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Old 07-02-2015, 09:56 AM   #29
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Have had our 22' for 8 years now with a lot of boondocking. It has larger capacity tanks and the Canadian spec running gear. Clearance is the same as our TV. Suits us fine and we don't plan on changing any time soon. Here's a picture of us in the Gunnison Nat'l Forest above 10,000' 56 miles from a paved road.
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Old 07-02-2015, 10:09 AM   #30
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Ahab that looks like a lovely and welcoming campsite. Looks like you night have a small privy/shower shelter tent. Enjoy
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Old 07-02-2015, 12:00 PM   #31
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On the other hand

A 34 footer might be the best for " dry camping ".

A 19 footer might be best for " wilderness camping " ( rock docking???)

But for THE ULTIMATE BOONDOCKING MACHINE…the length of time that you could stay out should me a major focus.


Just big enough enough to have room for solar, extra batts, large tanks, maybe a water purification system for lake, river, and rain water.
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Old 07-02-2015, 01:27 PM   #32
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Long Range Matches & Boondocking

I've travelled across America (GA, OK, TX, KY, & IN) this year attending long range black powder matches with my 19' FC. I must say this is a well designed/well built trailer that also appears to be tough enough to handle questionable range approach roads. (If you've ever attended a long-range match you'll know what I'm talking about - these guys never ran out of crushed rock).
I've set mine up with a portable 100 watt solar charger (complete with controller) and my only 'wish' is for larger tank capacities. Interior is just fine for 2, fridge capacity is often supported by the Yeti cooler for liquid refreshments, and I have the full stove enabling a variety of cooking options. My only real concern is with the dump outlets as I've often thought they are a little low and may be susceptible to an outcropped rock!
As others have mentioned, approach is slow and steady. So far, so good - on to Alma, MI next week! Here's a pic of our set-up in Ashland, KY last week.
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Old 07-02-2015, 04:48 PM   #33
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[QUOTE=LongShot;1645642].....
I've set mine up with a portable 100 watt solar charger (complete with controller) and my only 'wish' is for larger tank capacities. Interior is just fine for 2, fridge capacity is often supported by the Yeti cooler for liquid refreshments, and I have the full stove enabling a variety of cooking options. My only real concern is with the dump outlets as I've often thought they are a little low and may be susceptible to an outcropped rock!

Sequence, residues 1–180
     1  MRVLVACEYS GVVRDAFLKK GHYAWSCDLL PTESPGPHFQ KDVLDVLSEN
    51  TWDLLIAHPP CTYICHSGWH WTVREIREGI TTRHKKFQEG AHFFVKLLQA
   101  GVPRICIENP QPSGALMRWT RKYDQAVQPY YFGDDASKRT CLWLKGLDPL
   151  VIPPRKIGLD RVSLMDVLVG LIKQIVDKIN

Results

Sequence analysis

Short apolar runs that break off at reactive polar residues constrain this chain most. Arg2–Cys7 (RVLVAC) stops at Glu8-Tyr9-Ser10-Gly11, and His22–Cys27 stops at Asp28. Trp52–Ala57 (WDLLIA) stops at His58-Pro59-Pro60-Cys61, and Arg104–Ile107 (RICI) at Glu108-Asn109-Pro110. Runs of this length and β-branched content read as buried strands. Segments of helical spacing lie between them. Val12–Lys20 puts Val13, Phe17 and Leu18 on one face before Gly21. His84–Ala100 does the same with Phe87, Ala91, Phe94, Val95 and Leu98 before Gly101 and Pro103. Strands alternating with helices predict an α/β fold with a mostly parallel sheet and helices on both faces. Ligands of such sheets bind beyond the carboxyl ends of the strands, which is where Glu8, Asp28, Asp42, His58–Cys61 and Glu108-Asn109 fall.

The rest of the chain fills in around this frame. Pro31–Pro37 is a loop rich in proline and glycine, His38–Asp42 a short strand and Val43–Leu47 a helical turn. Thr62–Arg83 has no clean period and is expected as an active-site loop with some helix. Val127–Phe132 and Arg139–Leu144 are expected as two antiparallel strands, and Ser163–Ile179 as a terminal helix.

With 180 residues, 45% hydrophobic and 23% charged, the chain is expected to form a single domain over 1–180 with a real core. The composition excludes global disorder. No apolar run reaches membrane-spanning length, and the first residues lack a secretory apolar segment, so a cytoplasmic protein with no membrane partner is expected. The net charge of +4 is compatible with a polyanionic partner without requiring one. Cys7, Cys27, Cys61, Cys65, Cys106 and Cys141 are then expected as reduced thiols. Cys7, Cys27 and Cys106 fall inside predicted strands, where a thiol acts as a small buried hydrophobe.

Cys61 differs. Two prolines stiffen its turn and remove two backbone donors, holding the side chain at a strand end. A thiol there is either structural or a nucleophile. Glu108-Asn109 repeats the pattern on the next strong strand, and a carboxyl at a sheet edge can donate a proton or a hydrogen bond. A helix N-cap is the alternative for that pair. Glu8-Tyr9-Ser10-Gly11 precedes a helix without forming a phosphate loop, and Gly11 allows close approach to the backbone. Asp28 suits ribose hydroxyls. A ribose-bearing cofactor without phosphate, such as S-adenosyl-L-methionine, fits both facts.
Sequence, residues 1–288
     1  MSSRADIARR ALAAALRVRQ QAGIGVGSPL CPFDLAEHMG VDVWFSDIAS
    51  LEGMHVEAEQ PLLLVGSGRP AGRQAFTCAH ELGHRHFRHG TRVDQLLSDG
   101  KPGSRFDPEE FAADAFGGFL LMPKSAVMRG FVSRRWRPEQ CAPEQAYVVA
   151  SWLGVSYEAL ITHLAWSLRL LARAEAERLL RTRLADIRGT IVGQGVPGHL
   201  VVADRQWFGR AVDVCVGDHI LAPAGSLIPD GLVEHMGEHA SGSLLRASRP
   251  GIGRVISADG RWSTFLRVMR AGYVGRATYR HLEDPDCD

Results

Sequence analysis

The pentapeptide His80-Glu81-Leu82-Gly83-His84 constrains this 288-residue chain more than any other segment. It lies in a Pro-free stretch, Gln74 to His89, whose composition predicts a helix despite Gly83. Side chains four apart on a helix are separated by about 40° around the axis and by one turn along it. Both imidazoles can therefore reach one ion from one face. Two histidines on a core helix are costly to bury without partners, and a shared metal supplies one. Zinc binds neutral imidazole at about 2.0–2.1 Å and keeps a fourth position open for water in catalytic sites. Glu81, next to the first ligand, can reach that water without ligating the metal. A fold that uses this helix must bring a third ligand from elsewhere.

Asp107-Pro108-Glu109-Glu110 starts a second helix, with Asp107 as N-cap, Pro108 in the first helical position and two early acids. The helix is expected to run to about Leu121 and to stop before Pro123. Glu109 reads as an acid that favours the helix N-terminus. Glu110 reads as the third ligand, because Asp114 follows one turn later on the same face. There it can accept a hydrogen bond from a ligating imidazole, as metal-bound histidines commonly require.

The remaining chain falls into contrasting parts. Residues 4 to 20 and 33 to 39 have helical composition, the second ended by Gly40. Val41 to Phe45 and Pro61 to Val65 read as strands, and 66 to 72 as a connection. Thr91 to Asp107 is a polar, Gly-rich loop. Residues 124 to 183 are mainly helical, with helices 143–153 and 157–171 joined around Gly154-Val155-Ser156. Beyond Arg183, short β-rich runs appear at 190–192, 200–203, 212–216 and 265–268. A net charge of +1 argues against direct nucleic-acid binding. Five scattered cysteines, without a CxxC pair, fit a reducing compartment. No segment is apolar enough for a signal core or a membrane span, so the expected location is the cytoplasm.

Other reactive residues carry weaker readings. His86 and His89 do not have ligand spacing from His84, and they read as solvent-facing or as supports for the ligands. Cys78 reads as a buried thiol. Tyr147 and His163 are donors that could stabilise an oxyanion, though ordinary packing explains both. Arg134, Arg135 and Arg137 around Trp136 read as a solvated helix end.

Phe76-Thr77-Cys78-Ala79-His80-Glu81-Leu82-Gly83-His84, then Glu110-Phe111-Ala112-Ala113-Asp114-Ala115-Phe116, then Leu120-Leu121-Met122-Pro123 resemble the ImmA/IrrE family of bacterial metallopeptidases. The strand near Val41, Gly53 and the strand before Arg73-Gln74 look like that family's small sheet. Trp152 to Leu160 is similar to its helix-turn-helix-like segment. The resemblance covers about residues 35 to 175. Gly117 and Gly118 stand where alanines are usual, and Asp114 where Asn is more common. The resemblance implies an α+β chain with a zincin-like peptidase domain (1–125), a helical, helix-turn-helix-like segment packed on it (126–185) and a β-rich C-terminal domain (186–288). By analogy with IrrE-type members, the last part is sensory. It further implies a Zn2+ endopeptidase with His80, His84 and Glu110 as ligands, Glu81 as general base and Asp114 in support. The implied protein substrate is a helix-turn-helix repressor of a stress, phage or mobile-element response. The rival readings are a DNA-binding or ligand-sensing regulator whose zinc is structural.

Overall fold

*******

Long Shot... I keep my FFFG dry for my 38 Kentucky flintlock rifle and 45 cal. cap and ball Hawkins.

You do not realize how perfect your selection of a Trailer has been.

You get to break in your 19 footer and learn how to be frugal with water use, refrigerator stocking, storage space utility, fresh - grey - black water tank options and so on. By the time you are ready to get yourself a 23 foot or 25 foot, you will put those Boondockers to shame that started with all they could carry in a larger trailer for a first!

The solar panel has spoiled you already!

You will not know what to do with the excess space and load carrying capacity of a double axle Airstream.

All of the exposed plumbing dump valves are always a potential source of trouble if you are not careful. Those that are located in front of the axle(s) are more protected and forgiving when pulling off of a gasoline station's curb with a steep drop... and possible "drag your plumbing, hitch or bumper". Once you master the 19, it will sell used quickly when you are studying the 23 or 25 for a perfect match for your needs.

Our 25 foot has all of the capacity we will ever need and probably more. This will be our last Airstream purchase and we always look forward to make use of all the extra living space for years to come. The difference between a 23 and a 25 are more than you could imagine.

Carrying fresh water in the back of the tow vehicle gives you water for showering, if you manage the showers in the 1.5 to 2.0 gallon range. We shower only if we are heading back into civilization and the fresh water tank needs to be emptied to reduce weight. You can get a Walmart shower tent in their camping section to avoid having to dump grey water from the trailer.

Black water... use the local facilities. Your butt is no cleaner than mine or you can wipe down the lid at the Johnny on the Spot. Nobody I have known has ever contracted a disease or skin problem from public restrooms. Although, some service station restroom facilities might not be close to what you would have at home!